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Condo Scene: A tale of two cities


A tale of two cities

OTTAWA — Richcraft Homes’ latest condo project, The Bowery, is touted as “condominium living with a distinctly New York vibe.” That got me thinking about what distinguishes the two cities’ condo markets.


Confucius says: “He who lives in New York City understands that space is a luxury.” OK, he didn’t. But he may as well have. The eight-million plus residents have chosen lifestyle over personal space, which they purchase at a premium.

This phenomenon is more interestingly described in a 2010 New York Post article called “The kitchen is my closet”. This tells the tale of the city’s fashionistas, many of whom have abandoned culinary pursuits in favour of clothing storage. If New York is a world where shoe and oven racks are interchangeable and appliances co-opted as closets, then Ottawa offers substantial and affordable square footage with adequate storage space.


Laila Gohar recently purchased her own New York City condo after looking at 92 units. This may seem excessive, but any residential shopper knows that finding the perfect home or condo is a lot of work. Besides that, Gohar was at the mercy of New York’s market, a quick-paced, stressful and often seller’s market scenario. Every time she made a decision to buy, someone beat her to the punch.

“I recommend taking your time to find something you truly love and not feeling pressured by NYC brokers,” she says. “Also, remember that you have to make some compromises and that’s fine.”

In Ottawa, units can stay on the market for longer, sometimes even a year or more.


Many of Ottawa’s condos boast views, and diverse ones at that. The Rideau Canal, Ottawa River, Parliament Hill, Gatineau Park. The keyword here is protected — Ottawa’s condo scene offers more view guarantees than New York. Park views in New York are the ultimate where highrises rule. If you live within view of Gramercy or Central Park you are more likely to enjoy long-term, green sightlines.

Wherever you choose to live — even in our nation’s capital — make sure you know the rules about what could be built in your backyard. Future developments have the potential to change your lifestyle.

For instance, New York’s famous High Line was, for a long time, abandoned railroad tracks. After some of New York’s elite — spearheaded by some local guys looking to preserve their community — decided to convert the area into much-needed green space, local residents saw a two-pronged effect.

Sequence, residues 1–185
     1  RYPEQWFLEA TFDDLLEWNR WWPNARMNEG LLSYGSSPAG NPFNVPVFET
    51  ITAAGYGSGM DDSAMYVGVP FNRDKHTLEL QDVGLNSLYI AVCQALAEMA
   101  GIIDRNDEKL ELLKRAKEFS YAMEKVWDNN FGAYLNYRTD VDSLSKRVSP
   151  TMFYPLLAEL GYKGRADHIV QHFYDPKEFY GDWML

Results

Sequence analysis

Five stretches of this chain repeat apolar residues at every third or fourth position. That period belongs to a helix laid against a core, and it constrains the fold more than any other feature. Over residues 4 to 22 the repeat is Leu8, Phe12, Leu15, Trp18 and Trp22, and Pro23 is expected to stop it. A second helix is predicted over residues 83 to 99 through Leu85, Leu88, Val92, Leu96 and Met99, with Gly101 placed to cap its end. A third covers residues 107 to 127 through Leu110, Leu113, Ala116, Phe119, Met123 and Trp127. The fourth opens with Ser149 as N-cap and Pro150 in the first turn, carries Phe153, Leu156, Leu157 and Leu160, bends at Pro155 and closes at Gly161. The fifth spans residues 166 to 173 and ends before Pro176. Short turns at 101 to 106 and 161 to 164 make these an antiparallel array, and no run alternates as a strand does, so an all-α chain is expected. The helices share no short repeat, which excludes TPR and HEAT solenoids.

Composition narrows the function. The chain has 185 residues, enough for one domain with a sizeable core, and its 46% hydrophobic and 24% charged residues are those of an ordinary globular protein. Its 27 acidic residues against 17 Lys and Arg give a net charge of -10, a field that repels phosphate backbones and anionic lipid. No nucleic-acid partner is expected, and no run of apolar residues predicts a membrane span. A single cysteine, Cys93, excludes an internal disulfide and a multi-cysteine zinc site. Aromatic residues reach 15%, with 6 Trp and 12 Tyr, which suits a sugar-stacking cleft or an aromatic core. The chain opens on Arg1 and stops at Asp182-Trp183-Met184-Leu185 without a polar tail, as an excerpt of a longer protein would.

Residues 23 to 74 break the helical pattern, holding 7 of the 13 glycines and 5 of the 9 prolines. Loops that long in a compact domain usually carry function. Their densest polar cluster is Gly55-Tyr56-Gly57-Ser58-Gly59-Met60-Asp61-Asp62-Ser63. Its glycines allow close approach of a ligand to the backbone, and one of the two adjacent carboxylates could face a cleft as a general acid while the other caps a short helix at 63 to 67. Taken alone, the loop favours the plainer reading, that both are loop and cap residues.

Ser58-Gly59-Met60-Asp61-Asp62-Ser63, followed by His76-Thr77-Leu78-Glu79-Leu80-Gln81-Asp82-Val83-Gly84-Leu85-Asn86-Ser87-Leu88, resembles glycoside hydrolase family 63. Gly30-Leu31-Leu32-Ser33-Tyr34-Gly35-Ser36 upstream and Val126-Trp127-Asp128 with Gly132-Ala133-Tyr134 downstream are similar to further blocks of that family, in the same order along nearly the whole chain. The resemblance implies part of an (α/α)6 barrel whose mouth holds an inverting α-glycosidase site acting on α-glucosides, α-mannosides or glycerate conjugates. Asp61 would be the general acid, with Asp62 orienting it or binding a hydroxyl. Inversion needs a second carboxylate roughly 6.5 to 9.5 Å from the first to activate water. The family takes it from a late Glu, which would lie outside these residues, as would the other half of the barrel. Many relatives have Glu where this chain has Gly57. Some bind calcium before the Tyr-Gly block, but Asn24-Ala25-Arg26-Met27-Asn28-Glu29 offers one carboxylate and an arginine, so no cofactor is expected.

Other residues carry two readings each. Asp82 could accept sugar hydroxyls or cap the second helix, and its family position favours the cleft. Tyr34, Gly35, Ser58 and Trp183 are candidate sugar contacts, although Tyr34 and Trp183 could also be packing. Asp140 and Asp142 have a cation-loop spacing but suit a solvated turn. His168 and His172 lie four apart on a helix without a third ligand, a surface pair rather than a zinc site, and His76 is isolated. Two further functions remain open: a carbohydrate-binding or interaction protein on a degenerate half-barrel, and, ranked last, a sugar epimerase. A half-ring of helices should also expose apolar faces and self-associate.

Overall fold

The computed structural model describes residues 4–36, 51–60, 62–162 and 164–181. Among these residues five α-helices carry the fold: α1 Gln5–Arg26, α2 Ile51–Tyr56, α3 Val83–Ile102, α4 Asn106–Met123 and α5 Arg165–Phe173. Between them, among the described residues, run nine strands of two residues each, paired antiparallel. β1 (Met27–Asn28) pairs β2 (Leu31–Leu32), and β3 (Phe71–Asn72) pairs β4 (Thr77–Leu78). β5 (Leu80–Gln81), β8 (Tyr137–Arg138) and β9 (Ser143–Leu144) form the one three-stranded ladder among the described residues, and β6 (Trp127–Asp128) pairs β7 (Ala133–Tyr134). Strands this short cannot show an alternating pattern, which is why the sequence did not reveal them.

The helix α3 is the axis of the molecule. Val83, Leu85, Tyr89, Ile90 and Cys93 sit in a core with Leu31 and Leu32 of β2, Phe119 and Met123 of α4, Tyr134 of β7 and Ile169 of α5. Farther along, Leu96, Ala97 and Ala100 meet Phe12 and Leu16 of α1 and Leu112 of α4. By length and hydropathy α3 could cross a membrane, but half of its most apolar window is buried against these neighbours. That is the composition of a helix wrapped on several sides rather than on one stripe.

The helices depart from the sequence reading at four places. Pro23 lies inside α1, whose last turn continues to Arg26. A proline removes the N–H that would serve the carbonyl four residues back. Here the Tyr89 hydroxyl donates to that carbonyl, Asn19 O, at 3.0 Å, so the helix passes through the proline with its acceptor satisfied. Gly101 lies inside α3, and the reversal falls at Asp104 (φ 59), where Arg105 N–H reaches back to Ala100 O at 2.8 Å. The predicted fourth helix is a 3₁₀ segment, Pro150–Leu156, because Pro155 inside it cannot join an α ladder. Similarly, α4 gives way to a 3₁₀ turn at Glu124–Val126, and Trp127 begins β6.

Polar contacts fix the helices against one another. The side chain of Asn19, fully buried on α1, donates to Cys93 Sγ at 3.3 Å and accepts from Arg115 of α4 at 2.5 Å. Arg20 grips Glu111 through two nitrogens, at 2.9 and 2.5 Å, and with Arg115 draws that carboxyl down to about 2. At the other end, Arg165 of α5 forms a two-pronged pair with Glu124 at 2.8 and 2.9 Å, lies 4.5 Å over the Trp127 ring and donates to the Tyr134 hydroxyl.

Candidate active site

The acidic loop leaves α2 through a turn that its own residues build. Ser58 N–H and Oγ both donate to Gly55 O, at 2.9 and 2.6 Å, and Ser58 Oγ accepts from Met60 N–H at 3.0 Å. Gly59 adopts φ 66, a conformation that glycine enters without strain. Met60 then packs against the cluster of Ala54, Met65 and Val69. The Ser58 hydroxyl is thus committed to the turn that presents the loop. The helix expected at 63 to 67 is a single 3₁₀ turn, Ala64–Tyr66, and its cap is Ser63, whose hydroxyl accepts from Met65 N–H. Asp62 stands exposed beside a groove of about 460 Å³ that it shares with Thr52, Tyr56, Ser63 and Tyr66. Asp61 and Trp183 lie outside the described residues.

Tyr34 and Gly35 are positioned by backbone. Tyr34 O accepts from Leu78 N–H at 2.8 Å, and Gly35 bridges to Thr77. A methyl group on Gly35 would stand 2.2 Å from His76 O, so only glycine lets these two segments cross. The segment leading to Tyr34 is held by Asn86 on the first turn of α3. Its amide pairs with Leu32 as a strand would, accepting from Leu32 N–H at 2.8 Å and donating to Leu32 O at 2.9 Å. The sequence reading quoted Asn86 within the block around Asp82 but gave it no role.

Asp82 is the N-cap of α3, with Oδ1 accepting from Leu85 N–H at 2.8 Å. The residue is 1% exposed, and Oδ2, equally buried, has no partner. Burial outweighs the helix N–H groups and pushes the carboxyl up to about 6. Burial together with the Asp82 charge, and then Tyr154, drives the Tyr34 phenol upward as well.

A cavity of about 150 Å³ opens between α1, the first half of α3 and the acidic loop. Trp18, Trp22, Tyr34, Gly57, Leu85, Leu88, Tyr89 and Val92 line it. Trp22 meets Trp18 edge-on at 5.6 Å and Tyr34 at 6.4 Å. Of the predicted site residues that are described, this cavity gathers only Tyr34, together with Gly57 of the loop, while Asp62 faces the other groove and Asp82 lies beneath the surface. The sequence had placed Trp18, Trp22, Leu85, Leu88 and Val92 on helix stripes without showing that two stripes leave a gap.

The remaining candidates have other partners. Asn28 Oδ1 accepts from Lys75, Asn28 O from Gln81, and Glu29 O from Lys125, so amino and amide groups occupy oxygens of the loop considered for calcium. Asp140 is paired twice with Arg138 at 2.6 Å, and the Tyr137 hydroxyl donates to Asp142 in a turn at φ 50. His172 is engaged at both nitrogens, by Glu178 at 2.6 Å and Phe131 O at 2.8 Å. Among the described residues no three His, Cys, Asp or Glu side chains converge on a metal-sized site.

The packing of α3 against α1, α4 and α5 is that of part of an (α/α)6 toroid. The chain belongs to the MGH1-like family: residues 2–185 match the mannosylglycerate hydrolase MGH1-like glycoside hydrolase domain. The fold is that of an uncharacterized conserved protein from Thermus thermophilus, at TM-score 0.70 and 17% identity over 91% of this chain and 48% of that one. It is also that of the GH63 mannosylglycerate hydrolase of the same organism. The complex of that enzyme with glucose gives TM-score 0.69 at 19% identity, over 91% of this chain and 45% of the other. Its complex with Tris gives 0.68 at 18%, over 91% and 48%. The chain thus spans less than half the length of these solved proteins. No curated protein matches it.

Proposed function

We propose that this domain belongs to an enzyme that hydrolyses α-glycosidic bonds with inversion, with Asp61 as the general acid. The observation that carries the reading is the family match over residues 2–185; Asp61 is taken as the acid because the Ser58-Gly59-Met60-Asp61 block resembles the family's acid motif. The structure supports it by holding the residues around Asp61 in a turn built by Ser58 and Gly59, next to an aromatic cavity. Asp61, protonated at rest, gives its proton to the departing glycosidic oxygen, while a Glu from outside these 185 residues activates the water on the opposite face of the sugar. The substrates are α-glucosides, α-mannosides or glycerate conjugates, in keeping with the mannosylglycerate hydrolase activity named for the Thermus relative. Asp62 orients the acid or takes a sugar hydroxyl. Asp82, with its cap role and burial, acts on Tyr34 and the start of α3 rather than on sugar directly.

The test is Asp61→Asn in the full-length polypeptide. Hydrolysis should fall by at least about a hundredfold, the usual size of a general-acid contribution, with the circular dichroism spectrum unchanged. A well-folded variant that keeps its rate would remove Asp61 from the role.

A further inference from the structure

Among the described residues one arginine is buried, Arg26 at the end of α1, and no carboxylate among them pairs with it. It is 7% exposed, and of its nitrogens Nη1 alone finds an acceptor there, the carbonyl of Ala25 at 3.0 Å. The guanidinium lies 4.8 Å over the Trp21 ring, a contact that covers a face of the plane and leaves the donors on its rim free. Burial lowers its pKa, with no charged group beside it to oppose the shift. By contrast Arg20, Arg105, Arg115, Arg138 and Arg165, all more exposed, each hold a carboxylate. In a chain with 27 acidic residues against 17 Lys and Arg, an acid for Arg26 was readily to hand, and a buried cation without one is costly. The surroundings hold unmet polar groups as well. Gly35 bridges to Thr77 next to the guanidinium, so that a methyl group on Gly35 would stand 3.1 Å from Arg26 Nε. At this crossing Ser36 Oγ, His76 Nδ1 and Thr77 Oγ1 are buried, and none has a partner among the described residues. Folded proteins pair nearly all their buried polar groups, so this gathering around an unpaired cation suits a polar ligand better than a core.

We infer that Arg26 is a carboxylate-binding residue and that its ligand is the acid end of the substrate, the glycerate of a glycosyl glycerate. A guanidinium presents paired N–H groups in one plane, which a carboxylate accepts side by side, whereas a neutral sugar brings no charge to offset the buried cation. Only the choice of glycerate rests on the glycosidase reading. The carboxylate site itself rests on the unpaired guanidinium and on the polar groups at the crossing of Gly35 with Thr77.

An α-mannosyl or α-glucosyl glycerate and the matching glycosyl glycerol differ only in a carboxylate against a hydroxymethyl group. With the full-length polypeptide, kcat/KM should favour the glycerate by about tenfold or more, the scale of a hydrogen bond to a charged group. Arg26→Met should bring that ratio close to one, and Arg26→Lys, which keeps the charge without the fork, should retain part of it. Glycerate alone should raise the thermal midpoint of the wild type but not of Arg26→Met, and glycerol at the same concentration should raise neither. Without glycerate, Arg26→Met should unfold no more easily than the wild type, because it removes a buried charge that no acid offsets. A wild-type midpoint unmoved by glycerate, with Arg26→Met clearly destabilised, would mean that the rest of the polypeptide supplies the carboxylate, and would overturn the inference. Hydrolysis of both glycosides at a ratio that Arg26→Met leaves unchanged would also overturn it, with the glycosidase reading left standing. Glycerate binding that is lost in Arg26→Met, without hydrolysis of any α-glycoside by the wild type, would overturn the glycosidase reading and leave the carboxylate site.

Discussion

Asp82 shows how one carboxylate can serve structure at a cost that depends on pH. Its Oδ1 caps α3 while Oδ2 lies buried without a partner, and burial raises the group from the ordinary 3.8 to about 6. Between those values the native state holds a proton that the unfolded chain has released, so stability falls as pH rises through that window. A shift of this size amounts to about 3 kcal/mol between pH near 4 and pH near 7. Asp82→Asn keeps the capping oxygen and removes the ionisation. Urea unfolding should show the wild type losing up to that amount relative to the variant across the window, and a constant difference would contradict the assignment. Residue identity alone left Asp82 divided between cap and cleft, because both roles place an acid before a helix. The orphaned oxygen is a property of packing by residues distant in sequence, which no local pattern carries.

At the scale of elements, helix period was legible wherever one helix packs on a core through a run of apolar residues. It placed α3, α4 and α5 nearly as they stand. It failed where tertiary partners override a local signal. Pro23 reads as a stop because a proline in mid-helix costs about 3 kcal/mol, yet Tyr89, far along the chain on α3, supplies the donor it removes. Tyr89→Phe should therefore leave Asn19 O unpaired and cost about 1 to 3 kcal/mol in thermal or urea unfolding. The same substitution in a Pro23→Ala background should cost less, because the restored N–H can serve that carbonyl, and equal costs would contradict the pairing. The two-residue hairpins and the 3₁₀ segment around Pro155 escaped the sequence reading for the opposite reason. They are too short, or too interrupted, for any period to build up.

On the one hand, this was a beautiful renovation of useless New York space, which perked up the neighbourhood economy. On the other, the High Line became one of the city’s top attractions, welcoming a slew of tourists. On a visit this summer I noticed I could see right into nearby buildings, many of which have bloomed adjacent to the High Line’s greenery.

LeBreton Flats may be our local High Line. It was a dilapidated area that has seen growth through condo developments.


Balconies and terraces are often sought after. But if you travel a lot during the summer, they may not be worth it for your lifestyle, as winter renders them useless. This is an especially important consideration in New York, as outdoor space takes up your square footage yet is not valued as highly as indoor space. Furthermore, if your unit is on a lower floor, you may find your outdoor space is simply a means of inhaling pollution.


One of my earliest columns was about how to choose a quiet building and unit. If you live in New York City, chances are you will be privy to your own personal symphony each night. Sounds of trash removal, traffic and pedestrian voices waft through prewar walls to serenade you to sleep.

Where you live naturally influences this ruckus. If you are near Union Square, the sounds will be much more vibrant than if you live in a more residential area like the Upper East Side.

You can also choose a unit away from the street, but the danger in this is that you will sacrifice natural light for solitude. This applies to New York and Ottawa equally, although Ottawa’s urban sounds are tame compared to those in the city that never sleeps.

There is a common misconception that units higher up will suffer less from noise pollution, but this is often not the case. Be wary of higher units that have bridges nearby or are in high traffic areas. Before purchasing these, spend some time in the bedroom to find out if you will be bothered by these sounds.


Before you buy, try to find out who is set to rent the commercial space below. While having a restaurant on the lower level can be very convenient, it can also be a negative. Depending on where your unit is located, you may have to endure the constant smells of someone else’s dinner.

Ottawa buyers do not have to deal with this issue to the same extent as New Yorkers, as many New York buildings have commercial space below them, due to the limited square footage of the city.

As far as I’m concerned, Ottawa condo buyers have it easy — at least compared to New Yorkers. Having said that, our condo market is relatively new and we can look at lessons learned from the Big Apple to ensure our buying efforts bear fruit.

Marilyn Wilson has been selling real estate for more than 24 years and owns Marilyn Wilson Dream Properties Inc. Brokerage, an Exclusive Affiliate of Christie’s International Real Estate. She can be reached through or follow her on Twitter@marilyn_wilson.